A healthy diet is essential for maintaining overall health. Eating high levels of processed foods is well-known for its negative health effects, but a new study has suggested that it could have serious long-term impacts on physical fitness levels.
The study, which was conducted by the American Society for Nutrition, looked at the risks for children eating a diet that was high in ultra-processed foods.
The researchers collected and analyzed the data of over 1,500 kids in the US between the ages of 3 and 15 who were enrolled in the National Health and Nutrition Examination Survey/National Youth Fitness Survey.
This data included information about the child’s typical diet and exercise habits. Additionally, the researchers measured physical fitness using a variety of tests, as well as measuring locomotor development and cardiovascular fitness.
They found that kids that ate a lot of these types of foods from a young age were more likely to have low levels of physical fitness and worse cardiovascular health. Worryingly, these effects were long-term, with problems often persisting into their teens and beyond.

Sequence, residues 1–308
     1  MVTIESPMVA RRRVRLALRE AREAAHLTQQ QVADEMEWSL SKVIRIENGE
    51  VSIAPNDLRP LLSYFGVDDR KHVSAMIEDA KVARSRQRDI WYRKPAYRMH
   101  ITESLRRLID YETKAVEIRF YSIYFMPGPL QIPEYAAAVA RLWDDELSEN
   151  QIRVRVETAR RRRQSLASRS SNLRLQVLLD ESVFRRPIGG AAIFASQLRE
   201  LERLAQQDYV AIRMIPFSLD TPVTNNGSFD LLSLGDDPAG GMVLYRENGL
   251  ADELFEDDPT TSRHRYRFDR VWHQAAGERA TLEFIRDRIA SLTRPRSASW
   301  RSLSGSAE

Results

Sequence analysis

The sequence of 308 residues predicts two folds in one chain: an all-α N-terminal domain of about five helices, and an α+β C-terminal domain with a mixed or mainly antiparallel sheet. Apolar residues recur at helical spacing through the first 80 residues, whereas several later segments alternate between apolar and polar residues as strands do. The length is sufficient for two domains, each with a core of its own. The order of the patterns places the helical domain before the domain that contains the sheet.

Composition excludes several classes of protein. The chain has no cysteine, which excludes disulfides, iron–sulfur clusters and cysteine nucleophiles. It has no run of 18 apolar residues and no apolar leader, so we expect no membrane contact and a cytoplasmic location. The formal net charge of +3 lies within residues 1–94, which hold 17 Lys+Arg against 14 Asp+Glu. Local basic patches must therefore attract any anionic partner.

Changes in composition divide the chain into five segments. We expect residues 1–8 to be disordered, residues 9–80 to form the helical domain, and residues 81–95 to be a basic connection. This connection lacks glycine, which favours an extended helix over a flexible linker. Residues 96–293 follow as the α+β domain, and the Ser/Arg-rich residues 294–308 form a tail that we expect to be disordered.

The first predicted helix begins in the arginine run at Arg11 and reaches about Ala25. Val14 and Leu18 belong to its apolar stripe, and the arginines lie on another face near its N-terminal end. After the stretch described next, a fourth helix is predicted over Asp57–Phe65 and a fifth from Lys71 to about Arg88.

The long-term effects of ultra-processed foods
Regardless of age, the children who ate more ultra-processed food were more likely to have poor physical fitness. This is concerning, as regular exercise is known to have many benefits.
Kids who ate the most ultra-processed foods reported getting a large number of calories from things like hotdogs, pizza, candy, packaged snacks, and chicken nuggets, and the risks of this are as high as they are for adults.
Researcher Jacqueline Vernarelli, Ph.D. noted: “Healthy dietary and exercise behaviors are established at a very young age. Our findings point to the need to educate families about cost-effective ways to reduce ultra-processed food intake to help decrease the risk for cardiovascular health problems in adulthood.
Though highly-processed convenience foods are easy to throw into a school bag, our research shows the importance of preparing healthy snacks and meals. Think of it like saving for retirement: You’re making decisions now that will influence your child’s future.”